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Our 4 month old basset, Rooney, has developed an odd little cough. For anyone who has cats, I can best describe it as that "hey, I'm working on throwing up a hairball on your bed/couch/rug/anywhere you'll step in it" sound, complete with the open-mouthed "gaaack" at the end. Only, nothing comes out. We took him to the vet, who reported that his lungs and trachea are clear, and suggested children's cough syrup. We tried that, to no real effect (other than a very sticky, cherry-flavored dog).

He is eating and drinking normally, and isn't guarding any part of his neck or face, so doesn't seem to be in pain (although obviously it's hard to tell). Is this how dogs normally cough? Could it be allergies? Our other thought was some foreign body stuck in his throat, but he isn't doing it all the time.

Any thoughts?
 

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Our 4 month old basset, Rooney, has developed an odd little cough. For anyone who has cats, I can best describe it as that "hey, I'm working on throwing up a hairball on your bed/couch/rug/anywhere you'll step in it" sound, complete with the open-mouthed "gaaack" at the end. Only, nothing comes out. We took him to the vet, who reported that his lungs and trachea are clear, and suggested children's cough syrup. We tried that, to no real effect (other than a very sticky, cherry-flavored dog).

He is eating and drinking normally, and isn't guarding any part of his neck or face, so doesn't seem to be in pain (although obviously it's hard to tell). Is this how dogs normally cough? Could it be allergies? Our other thought was some foreign body stuck in his throat, but he isn't doing it all the time.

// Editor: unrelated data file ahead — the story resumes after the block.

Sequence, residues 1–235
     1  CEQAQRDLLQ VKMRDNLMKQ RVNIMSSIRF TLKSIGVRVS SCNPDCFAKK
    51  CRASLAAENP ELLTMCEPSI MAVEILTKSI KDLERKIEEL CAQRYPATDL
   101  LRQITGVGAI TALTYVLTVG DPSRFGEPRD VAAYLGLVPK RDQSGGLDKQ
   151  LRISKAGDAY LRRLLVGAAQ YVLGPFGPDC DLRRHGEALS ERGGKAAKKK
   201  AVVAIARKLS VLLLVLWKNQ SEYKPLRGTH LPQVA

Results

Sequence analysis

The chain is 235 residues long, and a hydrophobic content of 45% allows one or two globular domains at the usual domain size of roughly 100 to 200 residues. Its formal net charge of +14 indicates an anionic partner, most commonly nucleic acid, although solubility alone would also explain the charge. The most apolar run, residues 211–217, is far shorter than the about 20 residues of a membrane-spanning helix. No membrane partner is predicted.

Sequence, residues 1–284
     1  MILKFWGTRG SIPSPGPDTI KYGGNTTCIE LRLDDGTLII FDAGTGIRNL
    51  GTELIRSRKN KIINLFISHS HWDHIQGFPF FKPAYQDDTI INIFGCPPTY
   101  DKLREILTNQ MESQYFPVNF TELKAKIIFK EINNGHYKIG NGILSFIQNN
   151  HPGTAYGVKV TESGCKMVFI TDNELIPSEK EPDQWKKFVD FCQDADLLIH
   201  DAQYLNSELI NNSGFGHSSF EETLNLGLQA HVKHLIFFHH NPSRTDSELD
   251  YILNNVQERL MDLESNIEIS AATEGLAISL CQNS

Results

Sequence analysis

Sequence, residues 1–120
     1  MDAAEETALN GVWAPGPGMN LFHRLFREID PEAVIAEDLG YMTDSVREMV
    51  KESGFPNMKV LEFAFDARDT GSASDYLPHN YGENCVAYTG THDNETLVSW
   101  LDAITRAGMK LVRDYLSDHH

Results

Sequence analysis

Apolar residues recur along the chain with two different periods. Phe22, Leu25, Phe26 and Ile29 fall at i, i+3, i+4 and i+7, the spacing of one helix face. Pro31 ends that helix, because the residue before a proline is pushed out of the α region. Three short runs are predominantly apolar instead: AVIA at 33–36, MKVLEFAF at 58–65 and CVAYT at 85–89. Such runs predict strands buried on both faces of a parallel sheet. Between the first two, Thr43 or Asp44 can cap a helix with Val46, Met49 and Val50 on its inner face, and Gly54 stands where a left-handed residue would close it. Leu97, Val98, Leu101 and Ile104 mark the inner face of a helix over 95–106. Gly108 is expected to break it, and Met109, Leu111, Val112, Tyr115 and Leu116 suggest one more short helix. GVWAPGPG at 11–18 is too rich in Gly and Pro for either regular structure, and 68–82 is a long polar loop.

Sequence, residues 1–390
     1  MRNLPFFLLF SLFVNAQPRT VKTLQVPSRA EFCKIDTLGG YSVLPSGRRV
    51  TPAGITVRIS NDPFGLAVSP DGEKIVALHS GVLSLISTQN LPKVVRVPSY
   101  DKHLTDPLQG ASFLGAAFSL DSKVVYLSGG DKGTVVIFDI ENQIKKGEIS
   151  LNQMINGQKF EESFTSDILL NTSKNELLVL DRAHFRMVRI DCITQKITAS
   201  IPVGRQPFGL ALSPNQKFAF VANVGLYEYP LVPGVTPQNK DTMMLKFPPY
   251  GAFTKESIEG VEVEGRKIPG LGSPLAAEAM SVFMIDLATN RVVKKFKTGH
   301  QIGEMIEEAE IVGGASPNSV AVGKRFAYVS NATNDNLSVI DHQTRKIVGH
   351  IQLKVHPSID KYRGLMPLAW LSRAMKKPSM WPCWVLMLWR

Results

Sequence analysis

Any thoughts?[/b]

Sounds like it could be what is commonly called a Reverse Sneeze

from Wikipedia
It is characterized by rapid and repeated forced inhalation through the nose, accompanied by snorting or gagging sounds. It is alarming to the owner and may be distressing to the dog, but is not known to be harmful to the animal. Most dogs are completely normal before and after episodes. In addition most dogs will have repeat episodes of it during their lives.

According to Dr. Holly Frisby, DVM, "During a reverse sneeze, the dog will make rapid and long inspirations, stand still, and extend his head (and neck). A loud snorting sound is produced...."[/b]
while more common and frequent in beagles the majorty of bassets have had at least on episode.

Reverse Sneeze in a two-year old Italian Greyhound.
Video requires quick time player

Reverse Sneeze in a two-year old Italian Greyhound
youtube version


Reverse Sneezing in Dogs

Something about Collapsed Trachea and Reverse Sneezing
 
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